Psychotherapy

Review of "Metaphoria: Metaphor and Guided Metaphor for Psychotherapy and Healing"

By Rubin S. Battino
Crown House, 2002
Review by Shelly Marshall, B.S., CSAC on Jan 25th 2004
Metaphoria: Metaphor and Guided Metaphor for Psychotherapy and Healing

 Our most cherished beliefs and deeply held convictions are the stories we tell ourselves that shape our world. In Metaphoria, Rubin Battino, M.S., leads the reader to believe that metaphors, the time-honored tradition of storytelling for healing, is so complex an art and our patients so fragile, that only precise and elaborately crafted psychotherapeutic metaphors may be used to heal the wounded spirit. Battino is so precise, in fact, that the causal reader will quickly be sucked into a quagmire of options for healing with directives for pacing, anchoring, use of themes, subthemes, and meta models of language accompanied by a litany of therapeutic instructions that will swamp any serious therapist with uncertainly about their ability to work in this milieu. The author demonstrates how to shape stories for culture, race, problem, background, style, size and soon, we surmise, blood type. In this book, our world is quickly shaped into Battino's Bog (a metaphoric comparison he might appreciate, albeit defensively).

 I think most clients are more resilient than portrayed in Metaphoria, and that metaphoric-based therapies are much less complex then presented. Rubin Battino must know this too, because his own personal observations and comments are absolutely brilliant. It occurred to me, reading his assessments on other's work and how to apply it, that the author simply didn't want to leave any stone unturned or be accused of any type of simplicity in his presentation. The trouble is, using symbolic therapies in healing is simple. It's only the therapists who complicate it.

 In Chapter One after a brief history, Battino describes the difference between disease and illness and how that relates to patients healing themselves. It would make a great paper on its own. Chapter Two delves into the language for metaphor. The author's use of language and directions for the use of language are the book's strong points. "The meaning of any communication is the response that you get," he writes. We learn that it is not what you intend to say or teach that matters, but what is understood.

 It is in Chapter Three and Four, regarding the delivery of the metaphor and the basic metaphor, where the book begins to place an undue burden on the therapist. Here, all the work is taken away from the client and placed squarely on the "expert." "--that is, the stories are created and told by the therapist to the client with specific purposes in mind. In that sense, these are therapist-generated rather than client-generated." Since the book is written for the therapist and not the layman, I suppose it is prudent to give the therapist work to do, but this approach is one that empowers the therapist and not the client. 

 The entire book then recites the work of others and Rubin suggests improvements for their work. Surprisingly, his suggestions on specific metaphoric stories seem to take the simple work of others and catapult them into works of substance. For example, in his commentaries about the Berman and Browns' "The Book of Life" guided journey, Battino notes that it is not necessary to close your eyes for these exercises. This is simplistic but something not many professionals know. He also comments on specific, unnecessary or even scary suggestions, "I am not sure I would want to 'sink backward through time' or 'pass through the gateway of reality.'" He is not afraid to build on the work of others (rather than cleverly disguising the work as his own), and he is not afraid to tout his own skills because Battino believes in himself. It is a non-humble and refreshing approach.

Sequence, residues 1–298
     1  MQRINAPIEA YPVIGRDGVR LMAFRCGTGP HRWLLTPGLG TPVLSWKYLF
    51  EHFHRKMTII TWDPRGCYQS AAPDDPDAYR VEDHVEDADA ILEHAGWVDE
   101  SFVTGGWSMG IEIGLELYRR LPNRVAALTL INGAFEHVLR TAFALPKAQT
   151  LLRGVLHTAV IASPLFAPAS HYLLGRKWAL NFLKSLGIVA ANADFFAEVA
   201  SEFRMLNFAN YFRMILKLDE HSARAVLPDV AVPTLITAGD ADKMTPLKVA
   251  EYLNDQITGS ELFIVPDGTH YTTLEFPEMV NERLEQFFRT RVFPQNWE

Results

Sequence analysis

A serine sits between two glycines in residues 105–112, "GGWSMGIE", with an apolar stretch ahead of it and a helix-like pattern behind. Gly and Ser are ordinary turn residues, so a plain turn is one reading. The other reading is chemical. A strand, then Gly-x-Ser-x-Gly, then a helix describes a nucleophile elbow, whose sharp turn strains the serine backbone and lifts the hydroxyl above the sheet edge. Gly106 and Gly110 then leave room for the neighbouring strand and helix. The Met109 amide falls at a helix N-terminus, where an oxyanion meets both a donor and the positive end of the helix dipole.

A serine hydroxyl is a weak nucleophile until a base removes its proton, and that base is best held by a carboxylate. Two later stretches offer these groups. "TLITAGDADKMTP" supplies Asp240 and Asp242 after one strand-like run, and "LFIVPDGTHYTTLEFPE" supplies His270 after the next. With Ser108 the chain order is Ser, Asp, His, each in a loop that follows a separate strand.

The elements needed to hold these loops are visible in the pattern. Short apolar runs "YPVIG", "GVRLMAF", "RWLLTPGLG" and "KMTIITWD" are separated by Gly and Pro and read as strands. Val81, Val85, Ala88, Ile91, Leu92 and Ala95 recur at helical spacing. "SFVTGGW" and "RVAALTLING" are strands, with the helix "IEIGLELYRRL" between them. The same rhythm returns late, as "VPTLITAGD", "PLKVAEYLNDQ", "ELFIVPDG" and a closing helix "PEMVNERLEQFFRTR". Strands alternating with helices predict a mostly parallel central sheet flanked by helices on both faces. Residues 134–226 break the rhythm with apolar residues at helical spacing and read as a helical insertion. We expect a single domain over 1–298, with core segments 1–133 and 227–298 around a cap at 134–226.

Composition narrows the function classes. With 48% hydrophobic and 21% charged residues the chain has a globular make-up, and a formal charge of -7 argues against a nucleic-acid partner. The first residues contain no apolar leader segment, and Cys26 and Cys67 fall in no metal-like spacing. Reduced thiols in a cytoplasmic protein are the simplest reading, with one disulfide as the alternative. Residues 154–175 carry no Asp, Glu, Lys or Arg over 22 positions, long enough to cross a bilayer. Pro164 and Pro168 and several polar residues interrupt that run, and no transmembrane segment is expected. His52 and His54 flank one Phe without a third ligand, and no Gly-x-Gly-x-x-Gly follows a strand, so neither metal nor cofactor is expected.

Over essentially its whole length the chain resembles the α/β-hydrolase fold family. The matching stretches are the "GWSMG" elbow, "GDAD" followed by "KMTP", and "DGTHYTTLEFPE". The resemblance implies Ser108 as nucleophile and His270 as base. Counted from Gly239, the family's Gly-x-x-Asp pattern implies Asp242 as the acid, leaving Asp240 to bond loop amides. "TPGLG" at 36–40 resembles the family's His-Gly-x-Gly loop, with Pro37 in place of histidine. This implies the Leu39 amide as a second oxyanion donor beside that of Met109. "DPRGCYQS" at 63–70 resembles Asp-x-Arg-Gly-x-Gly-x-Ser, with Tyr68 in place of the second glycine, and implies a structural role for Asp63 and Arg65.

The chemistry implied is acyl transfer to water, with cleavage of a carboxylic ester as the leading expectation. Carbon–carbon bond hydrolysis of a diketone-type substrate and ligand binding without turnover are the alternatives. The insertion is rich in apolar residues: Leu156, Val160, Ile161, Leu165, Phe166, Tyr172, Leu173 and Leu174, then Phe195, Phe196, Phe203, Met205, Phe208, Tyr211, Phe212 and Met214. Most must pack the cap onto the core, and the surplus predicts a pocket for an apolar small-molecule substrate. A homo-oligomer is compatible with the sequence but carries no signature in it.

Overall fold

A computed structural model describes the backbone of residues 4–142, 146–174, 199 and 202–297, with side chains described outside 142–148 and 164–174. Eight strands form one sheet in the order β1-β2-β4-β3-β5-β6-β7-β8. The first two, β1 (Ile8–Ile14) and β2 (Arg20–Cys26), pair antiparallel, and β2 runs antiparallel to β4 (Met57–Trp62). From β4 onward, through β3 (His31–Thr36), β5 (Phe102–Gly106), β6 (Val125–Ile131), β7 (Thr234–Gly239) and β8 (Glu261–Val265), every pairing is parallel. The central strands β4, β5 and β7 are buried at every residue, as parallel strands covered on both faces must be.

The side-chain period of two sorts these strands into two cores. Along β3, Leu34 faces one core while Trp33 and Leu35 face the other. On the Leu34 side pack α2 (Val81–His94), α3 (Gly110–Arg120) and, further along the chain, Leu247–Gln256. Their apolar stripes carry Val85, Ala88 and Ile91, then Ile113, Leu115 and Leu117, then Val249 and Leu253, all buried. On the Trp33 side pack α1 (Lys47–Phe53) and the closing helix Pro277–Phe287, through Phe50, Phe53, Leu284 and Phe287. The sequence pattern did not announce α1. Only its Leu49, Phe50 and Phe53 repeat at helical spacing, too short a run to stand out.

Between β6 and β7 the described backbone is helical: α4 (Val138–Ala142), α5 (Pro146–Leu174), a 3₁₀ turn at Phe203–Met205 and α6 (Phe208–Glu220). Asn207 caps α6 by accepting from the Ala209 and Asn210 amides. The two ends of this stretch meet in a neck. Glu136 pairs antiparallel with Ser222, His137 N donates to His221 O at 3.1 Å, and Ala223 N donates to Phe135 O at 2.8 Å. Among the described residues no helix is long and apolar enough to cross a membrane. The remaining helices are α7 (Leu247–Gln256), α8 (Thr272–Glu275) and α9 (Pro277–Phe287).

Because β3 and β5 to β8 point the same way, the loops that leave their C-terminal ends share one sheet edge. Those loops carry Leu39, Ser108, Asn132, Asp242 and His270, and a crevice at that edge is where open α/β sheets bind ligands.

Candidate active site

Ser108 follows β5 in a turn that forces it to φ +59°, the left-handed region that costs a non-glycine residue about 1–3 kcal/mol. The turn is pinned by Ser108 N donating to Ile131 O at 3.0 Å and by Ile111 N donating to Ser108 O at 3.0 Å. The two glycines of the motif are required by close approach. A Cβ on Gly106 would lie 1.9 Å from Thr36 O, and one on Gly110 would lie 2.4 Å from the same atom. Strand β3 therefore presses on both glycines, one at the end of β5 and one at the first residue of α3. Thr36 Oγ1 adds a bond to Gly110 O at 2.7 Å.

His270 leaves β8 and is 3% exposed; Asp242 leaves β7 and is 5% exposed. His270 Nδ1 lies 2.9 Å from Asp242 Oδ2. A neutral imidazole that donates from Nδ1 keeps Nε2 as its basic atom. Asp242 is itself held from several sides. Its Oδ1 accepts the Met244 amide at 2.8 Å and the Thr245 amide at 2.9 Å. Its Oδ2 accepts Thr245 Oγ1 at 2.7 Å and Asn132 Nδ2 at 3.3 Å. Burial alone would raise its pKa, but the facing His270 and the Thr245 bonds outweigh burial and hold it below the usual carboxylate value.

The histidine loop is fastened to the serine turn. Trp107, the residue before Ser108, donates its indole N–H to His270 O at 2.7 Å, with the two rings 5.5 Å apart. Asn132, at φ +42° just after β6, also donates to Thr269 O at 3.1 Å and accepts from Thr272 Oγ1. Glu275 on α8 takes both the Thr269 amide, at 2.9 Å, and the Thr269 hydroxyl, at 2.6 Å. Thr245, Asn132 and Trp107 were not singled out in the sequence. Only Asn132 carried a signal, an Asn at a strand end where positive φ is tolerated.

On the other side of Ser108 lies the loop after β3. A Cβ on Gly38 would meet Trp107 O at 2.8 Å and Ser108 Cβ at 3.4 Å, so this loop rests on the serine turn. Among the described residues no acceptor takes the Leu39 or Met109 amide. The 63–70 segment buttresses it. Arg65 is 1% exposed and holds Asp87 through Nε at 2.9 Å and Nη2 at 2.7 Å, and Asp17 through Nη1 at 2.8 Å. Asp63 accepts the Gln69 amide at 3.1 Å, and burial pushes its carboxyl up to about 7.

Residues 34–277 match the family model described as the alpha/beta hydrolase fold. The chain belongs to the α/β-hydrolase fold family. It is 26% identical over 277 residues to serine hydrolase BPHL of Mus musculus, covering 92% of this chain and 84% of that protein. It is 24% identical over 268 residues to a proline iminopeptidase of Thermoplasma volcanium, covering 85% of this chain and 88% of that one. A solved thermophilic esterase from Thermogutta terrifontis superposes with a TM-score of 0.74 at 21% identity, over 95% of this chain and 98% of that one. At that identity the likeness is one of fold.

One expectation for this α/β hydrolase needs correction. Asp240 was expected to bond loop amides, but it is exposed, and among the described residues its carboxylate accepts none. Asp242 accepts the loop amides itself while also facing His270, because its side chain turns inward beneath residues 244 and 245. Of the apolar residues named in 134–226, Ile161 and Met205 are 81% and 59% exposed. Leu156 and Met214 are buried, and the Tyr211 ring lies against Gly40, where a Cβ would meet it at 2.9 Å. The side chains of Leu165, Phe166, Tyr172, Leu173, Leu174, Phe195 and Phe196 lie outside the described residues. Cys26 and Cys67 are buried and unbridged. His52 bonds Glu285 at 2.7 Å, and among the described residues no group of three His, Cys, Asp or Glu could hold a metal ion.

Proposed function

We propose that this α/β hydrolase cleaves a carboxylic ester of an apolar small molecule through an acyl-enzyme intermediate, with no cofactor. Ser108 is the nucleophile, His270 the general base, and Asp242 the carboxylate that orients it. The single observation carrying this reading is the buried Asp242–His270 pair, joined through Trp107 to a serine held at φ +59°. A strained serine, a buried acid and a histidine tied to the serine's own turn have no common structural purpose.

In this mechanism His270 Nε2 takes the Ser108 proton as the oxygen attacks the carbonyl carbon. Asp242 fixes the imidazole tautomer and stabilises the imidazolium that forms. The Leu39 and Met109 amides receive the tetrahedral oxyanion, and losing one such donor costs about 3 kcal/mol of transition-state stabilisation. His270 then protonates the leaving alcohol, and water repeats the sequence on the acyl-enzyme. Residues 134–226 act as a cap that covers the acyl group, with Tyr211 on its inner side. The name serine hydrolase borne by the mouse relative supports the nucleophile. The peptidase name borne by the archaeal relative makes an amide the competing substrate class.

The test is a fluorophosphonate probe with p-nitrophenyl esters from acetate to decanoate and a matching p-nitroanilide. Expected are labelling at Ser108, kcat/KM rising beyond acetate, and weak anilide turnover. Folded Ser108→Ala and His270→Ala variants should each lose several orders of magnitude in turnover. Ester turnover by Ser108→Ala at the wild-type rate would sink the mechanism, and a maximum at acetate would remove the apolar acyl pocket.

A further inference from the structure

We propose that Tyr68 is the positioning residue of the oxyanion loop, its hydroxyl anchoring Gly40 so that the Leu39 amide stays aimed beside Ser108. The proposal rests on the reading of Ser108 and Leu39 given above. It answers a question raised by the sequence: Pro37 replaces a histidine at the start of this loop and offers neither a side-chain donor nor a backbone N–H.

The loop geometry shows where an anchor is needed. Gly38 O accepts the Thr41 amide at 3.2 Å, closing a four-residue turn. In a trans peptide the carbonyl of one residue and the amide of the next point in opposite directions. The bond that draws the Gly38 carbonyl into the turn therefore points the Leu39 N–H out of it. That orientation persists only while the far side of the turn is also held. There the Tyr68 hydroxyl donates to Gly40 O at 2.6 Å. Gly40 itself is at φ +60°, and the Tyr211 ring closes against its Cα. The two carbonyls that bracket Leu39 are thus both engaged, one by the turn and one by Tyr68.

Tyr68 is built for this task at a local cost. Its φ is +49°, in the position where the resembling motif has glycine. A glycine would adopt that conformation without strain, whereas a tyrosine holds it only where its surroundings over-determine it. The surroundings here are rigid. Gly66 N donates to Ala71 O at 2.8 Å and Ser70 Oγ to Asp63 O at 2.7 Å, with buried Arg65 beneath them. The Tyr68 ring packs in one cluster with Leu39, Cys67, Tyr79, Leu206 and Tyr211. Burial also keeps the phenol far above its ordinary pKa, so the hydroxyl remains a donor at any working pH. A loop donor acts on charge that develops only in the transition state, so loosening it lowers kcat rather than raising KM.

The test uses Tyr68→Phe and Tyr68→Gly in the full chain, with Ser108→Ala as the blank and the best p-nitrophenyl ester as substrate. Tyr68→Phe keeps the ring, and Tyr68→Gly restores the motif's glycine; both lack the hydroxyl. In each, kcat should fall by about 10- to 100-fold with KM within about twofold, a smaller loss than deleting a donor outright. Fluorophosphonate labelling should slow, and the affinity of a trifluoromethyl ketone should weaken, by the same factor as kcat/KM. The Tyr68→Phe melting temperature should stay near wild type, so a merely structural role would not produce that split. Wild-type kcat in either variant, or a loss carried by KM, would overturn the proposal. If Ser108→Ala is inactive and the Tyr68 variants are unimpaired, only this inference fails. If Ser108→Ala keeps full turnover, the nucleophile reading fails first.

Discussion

The reader will find numerous metaphors they can use and a myriad of instructions they can't. The book contains some not-to-be-missed segments such as the Navajo Talking Circles and a treatise on Viktor Frankl. It also contains some absolutely enchanting metaphors like the one used with children's fears, The Slimy Green Monster, wherein the child's mother tells the slimly green monster that she's going tell his mommy on him. What a charming way to neutralize a child's fear! Yet that story is preceded by an explanation on multiple embedded metaphors that will cause the struggling reader to sink rapidly in the quicksand of micro-metaphor-managing..

 I would suggest that readers, in order to stay in their comfort zone, read only the summaries at the end of the chapters and the metaphors themselves. But then the reader would miss gems like the quote on page 152, "{Erickson} almost single-handedly moved the field away from its obsession with 'why' to focus on the pragmatism of 'how.'" The author explains, on the next page, that this shift in thinking may be the "beginnings of the 'third wave' of doing therapy—the first was psychoanalysis, the second was the problem-focused therapies like Gestalt therapy, NLP, behavioral therapy, cognitive etc" and the third being "personal narratives as the vehicle for change."

Personal narratives, utilizing symbolic therapies through metaphor, are an incredible third wave of doing therapy. But after all, it is only a new use of a primal path to healing, the art of storytelling. I think the author over-intellectualizes the process, micro-manages the metaphors, and at the same time offers insights I would not be without. Despite the limitations, the book's strengths insure that I will keep Battino's work in my reference library for many years to come.

 

© 2004 Shelly Marshall

 

Shelly Marshall, B.S., CSAC is an Adolescent Chemical Dependency Specialist and Researcher. You can visit her site at www.day-by-day.org

Share This

Resources